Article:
5. CBF inhibitors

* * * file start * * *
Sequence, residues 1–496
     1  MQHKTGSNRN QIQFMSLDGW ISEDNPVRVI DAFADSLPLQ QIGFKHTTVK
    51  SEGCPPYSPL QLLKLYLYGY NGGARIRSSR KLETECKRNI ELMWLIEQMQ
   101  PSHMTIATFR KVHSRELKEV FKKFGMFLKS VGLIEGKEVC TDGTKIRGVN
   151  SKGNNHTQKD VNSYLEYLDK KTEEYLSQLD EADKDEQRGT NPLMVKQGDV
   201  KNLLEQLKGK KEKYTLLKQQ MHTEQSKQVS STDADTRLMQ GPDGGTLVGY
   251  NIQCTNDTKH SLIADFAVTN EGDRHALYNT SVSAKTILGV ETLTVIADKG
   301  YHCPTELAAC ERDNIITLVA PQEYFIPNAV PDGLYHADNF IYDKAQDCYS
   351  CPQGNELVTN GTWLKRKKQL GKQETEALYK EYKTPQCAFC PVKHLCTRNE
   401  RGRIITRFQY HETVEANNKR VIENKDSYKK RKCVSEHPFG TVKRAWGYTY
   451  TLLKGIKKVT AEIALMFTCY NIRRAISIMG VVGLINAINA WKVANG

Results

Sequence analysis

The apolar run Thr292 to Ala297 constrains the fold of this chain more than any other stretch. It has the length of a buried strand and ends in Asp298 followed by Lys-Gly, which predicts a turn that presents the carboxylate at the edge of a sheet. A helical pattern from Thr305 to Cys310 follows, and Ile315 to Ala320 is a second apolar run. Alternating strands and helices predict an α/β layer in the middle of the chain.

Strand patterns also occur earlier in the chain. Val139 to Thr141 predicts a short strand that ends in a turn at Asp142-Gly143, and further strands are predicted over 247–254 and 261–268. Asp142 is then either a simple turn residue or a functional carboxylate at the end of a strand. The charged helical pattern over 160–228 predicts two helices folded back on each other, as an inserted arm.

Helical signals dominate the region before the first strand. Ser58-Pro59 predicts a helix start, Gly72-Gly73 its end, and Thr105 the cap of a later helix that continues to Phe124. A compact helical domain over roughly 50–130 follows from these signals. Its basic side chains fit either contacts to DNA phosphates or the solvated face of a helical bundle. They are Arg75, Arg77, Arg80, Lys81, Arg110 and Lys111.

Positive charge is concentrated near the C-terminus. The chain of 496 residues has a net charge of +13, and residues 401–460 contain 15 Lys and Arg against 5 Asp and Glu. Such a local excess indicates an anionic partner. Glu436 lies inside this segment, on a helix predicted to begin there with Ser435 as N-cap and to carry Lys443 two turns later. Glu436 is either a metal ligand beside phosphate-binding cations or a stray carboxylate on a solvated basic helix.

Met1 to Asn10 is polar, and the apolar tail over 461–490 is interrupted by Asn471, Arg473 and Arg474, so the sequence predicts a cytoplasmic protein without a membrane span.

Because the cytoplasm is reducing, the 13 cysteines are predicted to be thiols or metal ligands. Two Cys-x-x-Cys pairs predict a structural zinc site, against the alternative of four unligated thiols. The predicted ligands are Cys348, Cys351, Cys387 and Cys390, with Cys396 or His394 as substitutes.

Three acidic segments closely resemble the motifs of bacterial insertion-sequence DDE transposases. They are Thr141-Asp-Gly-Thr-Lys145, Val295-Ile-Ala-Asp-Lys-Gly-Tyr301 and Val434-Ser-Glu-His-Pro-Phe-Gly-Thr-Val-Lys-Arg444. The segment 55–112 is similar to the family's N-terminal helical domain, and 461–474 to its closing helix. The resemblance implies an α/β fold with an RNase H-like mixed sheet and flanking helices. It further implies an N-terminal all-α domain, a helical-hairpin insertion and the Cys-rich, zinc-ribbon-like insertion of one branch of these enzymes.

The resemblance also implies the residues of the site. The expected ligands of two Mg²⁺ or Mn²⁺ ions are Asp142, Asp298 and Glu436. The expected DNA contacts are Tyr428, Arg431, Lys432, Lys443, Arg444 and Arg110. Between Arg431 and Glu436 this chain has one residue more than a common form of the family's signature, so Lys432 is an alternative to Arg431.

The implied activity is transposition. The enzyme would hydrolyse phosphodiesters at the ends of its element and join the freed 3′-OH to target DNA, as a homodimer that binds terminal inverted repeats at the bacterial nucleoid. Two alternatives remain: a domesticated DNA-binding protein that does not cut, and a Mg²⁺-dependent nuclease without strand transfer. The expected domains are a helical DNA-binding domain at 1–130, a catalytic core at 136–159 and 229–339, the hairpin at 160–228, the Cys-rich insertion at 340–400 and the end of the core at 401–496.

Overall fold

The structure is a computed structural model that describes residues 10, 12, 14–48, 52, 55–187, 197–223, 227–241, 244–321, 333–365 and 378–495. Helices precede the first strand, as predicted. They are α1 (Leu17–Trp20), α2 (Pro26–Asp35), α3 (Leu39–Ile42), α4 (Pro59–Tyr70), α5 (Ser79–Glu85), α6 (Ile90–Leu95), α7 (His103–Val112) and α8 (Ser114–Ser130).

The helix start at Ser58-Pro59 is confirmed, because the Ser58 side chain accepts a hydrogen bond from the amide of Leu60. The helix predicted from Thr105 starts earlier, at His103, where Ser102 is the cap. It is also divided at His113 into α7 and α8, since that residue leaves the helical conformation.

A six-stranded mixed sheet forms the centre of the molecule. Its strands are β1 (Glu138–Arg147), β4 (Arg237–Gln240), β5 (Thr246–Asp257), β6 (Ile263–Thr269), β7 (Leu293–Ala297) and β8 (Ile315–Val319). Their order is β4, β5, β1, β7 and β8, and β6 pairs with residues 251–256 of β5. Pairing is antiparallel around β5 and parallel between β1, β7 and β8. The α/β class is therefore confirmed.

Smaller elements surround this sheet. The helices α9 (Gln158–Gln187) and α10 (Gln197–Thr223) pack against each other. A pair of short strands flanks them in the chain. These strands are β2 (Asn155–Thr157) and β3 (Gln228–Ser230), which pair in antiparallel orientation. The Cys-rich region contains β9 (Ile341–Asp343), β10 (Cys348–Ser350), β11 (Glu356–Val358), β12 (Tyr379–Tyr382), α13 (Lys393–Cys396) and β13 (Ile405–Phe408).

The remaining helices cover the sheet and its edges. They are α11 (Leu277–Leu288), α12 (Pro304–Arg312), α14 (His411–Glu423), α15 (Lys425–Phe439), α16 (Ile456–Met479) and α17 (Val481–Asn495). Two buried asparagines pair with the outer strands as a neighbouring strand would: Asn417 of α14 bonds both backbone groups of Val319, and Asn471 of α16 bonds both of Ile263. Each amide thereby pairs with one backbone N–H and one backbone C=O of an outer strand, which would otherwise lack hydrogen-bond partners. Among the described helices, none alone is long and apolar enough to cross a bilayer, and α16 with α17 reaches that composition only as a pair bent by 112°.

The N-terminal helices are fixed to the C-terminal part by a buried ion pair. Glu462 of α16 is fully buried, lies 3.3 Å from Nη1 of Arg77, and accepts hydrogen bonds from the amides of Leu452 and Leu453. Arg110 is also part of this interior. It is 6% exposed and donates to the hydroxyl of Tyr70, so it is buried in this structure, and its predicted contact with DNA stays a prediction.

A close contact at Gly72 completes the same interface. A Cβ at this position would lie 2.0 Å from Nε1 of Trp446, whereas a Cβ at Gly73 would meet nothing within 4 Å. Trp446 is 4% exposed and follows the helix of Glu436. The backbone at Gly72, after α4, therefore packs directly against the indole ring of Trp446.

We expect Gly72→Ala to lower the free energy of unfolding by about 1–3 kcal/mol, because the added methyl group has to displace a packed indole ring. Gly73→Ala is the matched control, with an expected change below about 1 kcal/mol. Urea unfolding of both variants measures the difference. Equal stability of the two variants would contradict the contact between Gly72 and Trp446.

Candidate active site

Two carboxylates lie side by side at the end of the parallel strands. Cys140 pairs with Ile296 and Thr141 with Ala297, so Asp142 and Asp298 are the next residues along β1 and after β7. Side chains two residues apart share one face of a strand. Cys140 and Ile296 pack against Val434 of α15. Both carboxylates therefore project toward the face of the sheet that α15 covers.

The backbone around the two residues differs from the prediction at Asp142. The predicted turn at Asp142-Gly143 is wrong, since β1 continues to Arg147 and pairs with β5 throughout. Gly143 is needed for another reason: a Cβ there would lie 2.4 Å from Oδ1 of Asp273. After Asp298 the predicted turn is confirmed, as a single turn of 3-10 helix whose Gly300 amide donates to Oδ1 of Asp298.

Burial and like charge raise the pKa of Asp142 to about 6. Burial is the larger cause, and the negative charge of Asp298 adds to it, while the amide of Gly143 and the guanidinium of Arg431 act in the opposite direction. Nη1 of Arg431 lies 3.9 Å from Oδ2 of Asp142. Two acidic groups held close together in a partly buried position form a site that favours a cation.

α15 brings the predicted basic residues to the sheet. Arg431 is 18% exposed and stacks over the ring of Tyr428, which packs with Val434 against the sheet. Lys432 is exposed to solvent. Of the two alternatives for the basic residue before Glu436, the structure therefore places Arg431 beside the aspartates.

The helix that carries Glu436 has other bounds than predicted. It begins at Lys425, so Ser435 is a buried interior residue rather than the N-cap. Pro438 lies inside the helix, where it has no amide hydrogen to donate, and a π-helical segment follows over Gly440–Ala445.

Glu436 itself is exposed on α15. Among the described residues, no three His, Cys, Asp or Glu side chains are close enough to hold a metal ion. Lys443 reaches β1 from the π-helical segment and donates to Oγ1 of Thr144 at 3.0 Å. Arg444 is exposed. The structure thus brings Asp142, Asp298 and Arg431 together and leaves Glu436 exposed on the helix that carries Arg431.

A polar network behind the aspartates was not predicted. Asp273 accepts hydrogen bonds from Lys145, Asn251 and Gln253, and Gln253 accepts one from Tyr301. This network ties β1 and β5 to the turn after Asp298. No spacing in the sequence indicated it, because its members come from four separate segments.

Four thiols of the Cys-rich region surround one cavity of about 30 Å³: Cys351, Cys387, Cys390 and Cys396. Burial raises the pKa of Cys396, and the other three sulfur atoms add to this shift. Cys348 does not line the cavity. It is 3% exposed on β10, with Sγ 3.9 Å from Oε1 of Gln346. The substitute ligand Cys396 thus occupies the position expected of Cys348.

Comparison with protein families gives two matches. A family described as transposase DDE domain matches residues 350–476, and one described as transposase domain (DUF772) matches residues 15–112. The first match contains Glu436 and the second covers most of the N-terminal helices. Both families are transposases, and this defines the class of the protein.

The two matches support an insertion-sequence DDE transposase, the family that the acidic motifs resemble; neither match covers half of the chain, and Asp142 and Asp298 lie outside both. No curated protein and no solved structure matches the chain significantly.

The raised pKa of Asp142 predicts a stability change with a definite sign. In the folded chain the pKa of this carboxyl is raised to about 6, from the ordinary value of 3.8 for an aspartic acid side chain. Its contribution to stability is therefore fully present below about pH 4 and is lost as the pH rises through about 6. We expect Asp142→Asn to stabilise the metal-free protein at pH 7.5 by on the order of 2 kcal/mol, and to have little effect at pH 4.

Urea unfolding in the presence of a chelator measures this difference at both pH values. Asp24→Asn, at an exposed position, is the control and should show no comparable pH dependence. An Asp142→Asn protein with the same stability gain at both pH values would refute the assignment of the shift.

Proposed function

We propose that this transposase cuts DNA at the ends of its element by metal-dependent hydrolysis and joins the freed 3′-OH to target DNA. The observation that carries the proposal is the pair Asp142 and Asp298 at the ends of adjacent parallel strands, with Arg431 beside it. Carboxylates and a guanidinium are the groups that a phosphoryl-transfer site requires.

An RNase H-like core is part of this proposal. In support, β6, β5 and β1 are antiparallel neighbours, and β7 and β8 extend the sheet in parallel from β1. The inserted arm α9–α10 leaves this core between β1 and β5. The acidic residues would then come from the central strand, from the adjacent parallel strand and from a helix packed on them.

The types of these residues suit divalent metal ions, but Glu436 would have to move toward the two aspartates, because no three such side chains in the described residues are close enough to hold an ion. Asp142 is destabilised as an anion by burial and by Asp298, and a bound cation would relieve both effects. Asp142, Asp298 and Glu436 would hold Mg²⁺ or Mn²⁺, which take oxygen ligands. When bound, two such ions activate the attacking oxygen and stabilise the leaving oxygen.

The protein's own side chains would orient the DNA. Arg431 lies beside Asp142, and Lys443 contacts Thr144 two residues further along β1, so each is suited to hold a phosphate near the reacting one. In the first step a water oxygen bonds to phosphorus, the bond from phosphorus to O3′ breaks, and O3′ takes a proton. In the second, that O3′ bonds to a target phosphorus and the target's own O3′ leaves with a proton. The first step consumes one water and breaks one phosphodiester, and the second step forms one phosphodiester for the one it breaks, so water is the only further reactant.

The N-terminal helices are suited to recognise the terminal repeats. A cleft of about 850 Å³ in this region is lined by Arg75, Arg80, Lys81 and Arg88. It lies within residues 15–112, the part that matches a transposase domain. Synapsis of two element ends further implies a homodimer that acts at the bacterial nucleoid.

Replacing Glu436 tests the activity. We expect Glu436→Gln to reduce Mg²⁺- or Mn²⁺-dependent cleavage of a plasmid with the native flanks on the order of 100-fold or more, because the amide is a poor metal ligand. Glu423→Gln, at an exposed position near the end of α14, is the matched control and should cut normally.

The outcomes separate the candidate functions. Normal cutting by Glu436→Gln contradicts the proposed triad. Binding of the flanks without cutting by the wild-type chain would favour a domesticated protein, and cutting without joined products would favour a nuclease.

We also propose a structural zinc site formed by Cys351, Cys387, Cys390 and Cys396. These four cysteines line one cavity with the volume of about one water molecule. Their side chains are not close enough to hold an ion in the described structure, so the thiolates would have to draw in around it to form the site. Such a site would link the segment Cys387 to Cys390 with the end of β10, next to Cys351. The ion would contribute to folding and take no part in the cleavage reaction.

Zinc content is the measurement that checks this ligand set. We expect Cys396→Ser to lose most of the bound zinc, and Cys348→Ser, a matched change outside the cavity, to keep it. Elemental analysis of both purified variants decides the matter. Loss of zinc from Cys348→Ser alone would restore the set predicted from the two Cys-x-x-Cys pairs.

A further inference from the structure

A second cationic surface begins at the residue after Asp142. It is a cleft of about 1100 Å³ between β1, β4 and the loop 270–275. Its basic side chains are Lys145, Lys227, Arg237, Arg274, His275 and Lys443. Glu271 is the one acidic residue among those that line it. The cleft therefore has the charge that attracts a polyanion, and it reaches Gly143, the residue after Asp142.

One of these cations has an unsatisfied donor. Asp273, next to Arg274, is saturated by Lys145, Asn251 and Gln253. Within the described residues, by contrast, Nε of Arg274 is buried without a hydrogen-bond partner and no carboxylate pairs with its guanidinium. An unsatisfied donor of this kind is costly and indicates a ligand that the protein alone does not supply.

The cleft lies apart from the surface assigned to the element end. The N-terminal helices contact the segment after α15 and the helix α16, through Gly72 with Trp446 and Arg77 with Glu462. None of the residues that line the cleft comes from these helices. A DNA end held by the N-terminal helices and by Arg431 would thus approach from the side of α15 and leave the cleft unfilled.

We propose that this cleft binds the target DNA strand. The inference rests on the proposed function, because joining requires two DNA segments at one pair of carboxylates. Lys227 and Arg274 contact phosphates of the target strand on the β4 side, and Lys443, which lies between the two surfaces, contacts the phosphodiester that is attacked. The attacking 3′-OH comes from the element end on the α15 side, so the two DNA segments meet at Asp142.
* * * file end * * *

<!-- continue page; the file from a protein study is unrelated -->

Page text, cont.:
Given that CBF and the AR pathways intersect and that CBF has been shown to regulate gene expression changes associated with tumorigenesis and metastasis in prostate cancer cell lines, it seems reasonable to identify small molecules that can inhibit CBF function. Small molecules that interfere with the interaction between the RUNX proteins and CBFβ were recently described. In the first of these studies, the 3D structure of CBFβ was solved using NMR and the RUNX1 binding interface was determined [67]. This information was then used to perform a virtual chemical screen and using that information, allosteric inhibitors of CBFβ were identified. The most potent inhibitor, “17”, inhibited proliferation of the ME-1 cell line, a line derived from a patient with acute myelomonocytic leukemia containing the inv(16), by about 40% and showed very little cytotoxicity [67]. Treatment of cells with 100 μm concentrations of Inhibitor 17 reduced RUNX1 DNA binding by about 30%. Thus, compound 17 binds to a site removed from the heterodimerization interface and produces moderate changes in CBF DNA binding and cellular proliferation. These data suggest that allosteric inhibitors of protein complex formation could be useful for probing CBF’s role in cancer.